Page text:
Wednesday, November 30, 2011

Mount Heathen

Located just south of Italy’s Stelvio National Park, Monte Pagano offers an incredible view of northeastern Lombardy.

So commanding is the view that a century ago someone commanded the construction of a fort on the pastures at the summit of Monte Pagano, whose name translates to “Mount Heathen”.

Our home base for our hike up Mount Heathen was the village of Monno. Dad had come through here on his bicycle in 2003 and knew the perfect place to stay, Hotel Quai.

The owner of Hotel Quai is super-nice. He invited me out of my transcontinental home in the dining room during dinner.

For the primo, both Mom and Dad had Piöde, a kind of gnocchi named after the rock slates once used on roofs. The owner called it a simple, poor man’s food; the best kind to eat, he said. For the secondo, Dad had his own gorgonzola and prosciutto pizza, while Mom had steak with salsa verde, a yummy combination of hard-boiled egg, lots of parsley, some salt, and olive oil all whipped together. For dessert, they both had an apple torte, also homemade, of course. I made a concerted effort to scavenge food off my Mom and Dad, but I was not successful.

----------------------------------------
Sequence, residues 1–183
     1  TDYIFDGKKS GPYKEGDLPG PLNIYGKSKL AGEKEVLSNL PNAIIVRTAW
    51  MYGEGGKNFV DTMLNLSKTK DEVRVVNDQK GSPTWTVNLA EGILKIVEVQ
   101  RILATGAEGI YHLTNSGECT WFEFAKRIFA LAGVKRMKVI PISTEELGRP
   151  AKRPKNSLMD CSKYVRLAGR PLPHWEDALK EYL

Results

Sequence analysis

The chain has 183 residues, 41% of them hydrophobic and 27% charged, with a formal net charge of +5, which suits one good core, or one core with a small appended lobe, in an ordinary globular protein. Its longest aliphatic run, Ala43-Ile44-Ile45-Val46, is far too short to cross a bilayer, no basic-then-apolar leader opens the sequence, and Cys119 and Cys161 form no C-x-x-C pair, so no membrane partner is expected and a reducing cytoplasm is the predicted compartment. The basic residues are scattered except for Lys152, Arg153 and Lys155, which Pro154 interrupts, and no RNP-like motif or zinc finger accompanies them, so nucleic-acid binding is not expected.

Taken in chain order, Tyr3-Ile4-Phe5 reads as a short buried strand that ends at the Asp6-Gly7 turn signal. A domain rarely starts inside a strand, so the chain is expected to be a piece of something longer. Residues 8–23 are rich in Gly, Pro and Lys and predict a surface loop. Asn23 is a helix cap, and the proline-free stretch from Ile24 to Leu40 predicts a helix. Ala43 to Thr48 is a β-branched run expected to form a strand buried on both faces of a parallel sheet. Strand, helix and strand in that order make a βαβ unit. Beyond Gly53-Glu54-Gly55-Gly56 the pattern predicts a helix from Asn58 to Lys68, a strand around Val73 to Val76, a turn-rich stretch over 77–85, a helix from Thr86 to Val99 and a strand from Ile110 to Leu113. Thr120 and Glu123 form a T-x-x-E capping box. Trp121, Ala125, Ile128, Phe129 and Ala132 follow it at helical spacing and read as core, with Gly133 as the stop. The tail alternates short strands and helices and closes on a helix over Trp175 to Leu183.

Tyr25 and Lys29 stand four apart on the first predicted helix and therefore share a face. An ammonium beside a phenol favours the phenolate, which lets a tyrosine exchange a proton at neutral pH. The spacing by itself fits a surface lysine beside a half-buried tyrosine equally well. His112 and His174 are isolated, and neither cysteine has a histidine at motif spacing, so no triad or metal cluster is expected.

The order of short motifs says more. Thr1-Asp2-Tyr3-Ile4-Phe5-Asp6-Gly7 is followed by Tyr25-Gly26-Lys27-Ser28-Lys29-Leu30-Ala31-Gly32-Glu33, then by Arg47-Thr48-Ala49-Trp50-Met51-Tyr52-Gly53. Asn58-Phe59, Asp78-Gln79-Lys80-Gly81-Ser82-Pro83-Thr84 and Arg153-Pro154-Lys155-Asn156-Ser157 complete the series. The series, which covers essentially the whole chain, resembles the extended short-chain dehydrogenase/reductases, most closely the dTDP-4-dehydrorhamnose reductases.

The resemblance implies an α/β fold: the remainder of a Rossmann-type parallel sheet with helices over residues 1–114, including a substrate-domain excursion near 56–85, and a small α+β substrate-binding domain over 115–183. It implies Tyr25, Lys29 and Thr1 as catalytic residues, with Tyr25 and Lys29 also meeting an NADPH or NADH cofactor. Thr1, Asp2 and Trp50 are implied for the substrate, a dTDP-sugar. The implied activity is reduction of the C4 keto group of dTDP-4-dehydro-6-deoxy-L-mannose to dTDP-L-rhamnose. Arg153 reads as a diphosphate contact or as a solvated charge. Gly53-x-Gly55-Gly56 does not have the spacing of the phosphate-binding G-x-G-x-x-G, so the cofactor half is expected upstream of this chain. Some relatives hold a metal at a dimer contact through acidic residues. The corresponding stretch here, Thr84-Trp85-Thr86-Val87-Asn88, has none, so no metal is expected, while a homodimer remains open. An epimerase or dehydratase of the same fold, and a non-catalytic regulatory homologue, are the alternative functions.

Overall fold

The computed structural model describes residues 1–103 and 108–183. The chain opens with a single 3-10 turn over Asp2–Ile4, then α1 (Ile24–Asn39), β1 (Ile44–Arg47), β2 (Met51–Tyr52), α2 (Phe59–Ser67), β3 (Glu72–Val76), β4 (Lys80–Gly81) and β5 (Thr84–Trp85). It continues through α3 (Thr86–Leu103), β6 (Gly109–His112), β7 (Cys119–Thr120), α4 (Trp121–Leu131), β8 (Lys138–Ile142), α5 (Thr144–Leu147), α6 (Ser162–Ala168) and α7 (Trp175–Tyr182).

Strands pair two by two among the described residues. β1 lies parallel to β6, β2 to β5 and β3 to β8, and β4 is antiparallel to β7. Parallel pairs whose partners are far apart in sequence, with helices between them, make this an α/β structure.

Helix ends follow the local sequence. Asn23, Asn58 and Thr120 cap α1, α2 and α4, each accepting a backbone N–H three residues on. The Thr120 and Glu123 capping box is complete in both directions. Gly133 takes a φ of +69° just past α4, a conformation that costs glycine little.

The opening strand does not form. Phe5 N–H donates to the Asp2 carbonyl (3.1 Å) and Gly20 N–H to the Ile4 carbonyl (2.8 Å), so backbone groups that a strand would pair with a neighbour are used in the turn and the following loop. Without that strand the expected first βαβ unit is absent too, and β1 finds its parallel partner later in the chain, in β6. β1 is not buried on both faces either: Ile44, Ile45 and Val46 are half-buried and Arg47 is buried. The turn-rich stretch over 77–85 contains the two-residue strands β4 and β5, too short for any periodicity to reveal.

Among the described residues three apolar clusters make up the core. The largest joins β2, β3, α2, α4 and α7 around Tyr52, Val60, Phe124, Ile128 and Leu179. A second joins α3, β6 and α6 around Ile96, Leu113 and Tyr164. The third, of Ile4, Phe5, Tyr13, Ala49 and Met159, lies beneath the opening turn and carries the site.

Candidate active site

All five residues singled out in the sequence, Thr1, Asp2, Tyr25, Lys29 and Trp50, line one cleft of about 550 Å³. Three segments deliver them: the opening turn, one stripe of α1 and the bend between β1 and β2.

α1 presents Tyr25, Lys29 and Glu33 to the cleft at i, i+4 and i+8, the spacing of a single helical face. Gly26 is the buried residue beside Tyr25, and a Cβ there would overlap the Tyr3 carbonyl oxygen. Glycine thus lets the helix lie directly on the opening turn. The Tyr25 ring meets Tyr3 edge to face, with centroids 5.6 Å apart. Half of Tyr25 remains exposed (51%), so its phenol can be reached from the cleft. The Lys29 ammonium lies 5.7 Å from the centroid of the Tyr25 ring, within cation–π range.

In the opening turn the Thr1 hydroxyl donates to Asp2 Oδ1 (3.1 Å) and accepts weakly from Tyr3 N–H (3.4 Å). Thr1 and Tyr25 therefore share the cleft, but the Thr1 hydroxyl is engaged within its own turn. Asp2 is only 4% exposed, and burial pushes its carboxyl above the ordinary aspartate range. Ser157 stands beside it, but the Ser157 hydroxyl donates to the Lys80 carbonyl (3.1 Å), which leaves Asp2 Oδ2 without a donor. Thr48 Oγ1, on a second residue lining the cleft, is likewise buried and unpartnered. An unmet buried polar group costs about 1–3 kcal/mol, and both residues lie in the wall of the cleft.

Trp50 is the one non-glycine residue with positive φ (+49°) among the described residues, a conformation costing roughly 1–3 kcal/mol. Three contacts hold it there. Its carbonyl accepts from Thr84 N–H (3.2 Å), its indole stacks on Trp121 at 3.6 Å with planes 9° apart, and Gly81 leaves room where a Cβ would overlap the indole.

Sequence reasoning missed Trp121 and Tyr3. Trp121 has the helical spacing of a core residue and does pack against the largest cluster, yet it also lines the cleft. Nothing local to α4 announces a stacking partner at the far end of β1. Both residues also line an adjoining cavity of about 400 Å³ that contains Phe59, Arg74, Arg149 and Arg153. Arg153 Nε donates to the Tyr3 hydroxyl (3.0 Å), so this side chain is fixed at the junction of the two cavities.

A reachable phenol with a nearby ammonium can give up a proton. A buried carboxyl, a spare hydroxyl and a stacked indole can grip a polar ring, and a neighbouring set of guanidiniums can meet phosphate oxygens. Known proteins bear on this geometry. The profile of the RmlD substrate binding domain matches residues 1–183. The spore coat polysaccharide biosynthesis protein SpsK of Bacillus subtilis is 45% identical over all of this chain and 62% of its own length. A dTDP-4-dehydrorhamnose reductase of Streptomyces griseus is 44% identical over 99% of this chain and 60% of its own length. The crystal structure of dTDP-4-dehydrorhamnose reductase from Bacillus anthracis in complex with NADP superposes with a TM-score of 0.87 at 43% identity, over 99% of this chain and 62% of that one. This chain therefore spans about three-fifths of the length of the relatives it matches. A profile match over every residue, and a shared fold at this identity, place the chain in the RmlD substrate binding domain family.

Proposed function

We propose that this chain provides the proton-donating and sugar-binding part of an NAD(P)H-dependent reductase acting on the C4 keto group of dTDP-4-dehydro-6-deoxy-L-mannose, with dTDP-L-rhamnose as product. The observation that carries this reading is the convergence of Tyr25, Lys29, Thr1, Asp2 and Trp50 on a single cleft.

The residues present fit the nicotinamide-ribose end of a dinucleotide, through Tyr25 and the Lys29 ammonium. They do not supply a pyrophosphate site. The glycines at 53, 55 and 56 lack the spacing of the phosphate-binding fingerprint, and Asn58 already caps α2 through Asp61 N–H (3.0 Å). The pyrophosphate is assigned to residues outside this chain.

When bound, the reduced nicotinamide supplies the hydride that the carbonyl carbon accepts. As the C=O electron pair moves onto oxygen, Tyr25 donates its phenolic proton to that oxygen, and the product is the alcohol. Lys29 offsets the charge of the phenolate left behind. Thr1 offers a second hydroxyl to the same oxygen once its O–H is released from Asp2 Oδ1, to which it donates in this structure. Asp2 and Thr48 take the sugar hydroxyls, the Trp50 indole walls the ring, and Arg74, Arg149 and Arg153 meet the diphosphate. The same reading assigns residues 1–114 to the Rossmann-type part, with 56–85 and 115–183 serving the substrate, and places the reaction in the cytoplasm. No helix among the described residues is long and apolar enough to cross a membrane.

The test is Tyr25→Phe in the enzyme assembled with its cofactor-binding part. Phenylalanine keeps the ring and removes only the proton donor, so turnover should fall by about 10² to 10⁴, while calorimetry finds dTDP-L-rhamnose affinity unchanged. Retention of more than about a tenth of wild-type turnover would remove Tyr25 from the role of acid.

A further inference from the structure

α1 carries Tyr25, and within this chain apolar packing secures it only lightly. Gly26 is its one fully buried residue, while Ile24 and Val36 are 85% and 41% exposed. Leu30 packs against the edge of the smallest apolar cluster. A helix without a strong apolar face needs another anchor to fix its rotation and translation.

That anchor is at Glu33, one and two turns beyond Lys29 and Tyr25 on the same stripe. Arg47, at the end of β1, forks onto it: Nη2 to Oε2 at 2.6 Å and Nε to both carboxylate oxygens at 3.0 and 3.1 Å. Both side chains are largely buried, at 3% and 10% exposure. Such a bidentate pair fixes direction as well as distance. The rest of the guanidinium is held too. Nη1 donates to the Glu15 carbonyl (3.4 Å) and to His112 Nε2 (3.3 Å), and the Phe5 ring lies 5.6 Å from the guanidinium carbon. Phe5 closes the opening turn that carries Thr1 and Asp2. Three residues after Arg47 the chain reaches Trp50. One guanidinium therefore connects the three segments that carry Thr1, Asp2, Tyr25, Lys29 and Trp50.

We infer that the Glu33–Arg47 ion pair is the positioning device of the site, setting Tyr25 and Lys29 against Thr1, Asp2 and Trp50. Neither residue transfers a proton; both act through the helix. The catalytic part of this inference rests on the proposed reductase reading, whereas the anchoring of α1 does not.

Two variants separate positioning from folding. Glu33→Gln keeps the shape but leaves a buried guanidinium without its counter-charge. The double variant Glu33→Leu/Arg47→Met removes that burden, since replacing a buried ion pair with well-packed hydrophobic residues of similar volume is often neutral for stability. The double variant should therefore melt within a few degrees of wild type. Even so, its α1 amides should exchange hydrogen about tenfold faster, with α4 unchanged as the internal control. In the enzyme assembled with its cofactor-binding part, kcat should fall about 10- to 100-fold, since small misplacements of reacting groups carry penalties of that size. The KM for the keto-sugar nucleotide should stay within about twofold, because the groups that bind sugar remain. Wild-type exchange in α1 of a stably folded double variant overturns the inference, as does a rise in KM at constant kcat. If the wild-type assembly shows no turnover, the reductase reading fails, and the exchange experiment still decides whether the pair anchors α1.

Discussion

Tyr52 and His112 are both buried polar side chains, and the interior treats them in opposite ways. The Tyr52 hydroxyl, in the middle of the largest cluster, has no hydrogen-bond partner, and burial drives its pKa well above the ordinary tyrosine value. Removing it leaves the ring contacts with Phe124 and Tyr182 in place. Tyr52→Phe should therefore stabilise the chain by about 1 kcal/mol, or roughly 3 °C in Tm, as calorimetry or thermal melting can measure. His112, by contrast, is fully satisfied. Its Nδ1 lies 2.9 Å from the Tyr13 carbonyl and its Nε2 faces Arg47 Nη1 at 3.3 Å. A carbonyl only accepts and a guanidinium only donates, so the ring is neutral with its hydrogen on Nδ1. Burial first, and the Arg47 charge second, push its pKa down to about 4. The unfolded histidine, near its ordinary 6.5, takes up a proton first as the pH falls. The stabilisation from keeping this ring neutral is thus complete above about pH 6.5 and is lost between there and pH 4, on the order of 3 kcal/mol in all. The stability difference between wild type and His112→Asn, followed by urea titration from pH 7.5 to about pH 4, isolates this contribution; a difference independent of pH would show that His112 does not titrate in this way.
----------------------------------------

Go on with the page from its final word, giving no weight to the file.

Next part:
With his in-depth knowledge of the area, the owner helped us plan our hike to Monte Pagano. He advised against using the upper trailhead that you read about in the guidebooks and he directed us to a little known trailhead at the Bridge of the Pasture, or Put de Palö in the local Camuno dialect.

From the Bridge of the Pasture, a century old military road spirals up, climbing 2,000 vertical feet and affording new 360° views at every turn all the way to the fort at the top.

The fort was meant to keep on eye on nearby Passo Tonale, which back then was a key border crossing into the Austro-Hungaric empire. Today, Passo Tonale is a ski resort while the fort on Mount Heathen is very popular with Val Camonica goats.

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